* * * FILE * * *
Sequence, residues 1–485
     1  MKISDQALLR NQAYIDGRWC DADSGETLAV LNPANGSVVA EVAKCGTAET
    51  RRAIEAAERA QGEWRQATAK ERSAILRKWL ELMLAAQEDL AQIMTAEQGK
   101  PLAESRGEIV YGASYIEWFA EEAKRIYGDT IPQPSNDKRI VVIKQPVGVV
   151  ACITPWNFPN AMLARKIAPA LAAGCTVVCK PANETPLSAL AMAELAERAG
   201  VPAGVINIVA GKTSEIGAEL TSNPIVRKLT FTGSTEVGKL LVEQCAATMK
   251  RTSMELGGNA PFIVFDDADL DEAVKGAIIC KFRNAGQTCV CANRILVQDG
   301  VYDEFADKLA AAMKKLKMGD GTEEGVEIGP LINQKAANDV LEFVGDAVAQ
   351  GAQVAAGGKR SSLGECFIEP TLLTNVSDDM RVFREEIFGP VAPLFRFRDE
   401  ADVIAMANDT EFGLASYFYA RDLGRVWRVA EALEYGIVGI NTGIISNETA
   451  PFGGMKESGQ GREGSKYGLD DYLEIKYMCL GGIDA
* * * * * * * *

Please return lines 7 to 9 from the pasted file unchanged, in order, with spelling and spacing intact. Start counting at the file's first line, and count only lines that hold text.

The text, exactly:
   251  RTSMELGGNA PFIVFDDADL DEAVKGAIIC KFRNAGQTCV CANRILVQDG
   301  VYDEFADKLA AAMKKLKMGD GTEEGVEIGP LINQKAANDV LEFVGDAVAQ
   351  GAQVAAGGKR SSLGECFIEP TLLTNVSDDM RVFREEIFGP VAPLFRFRDE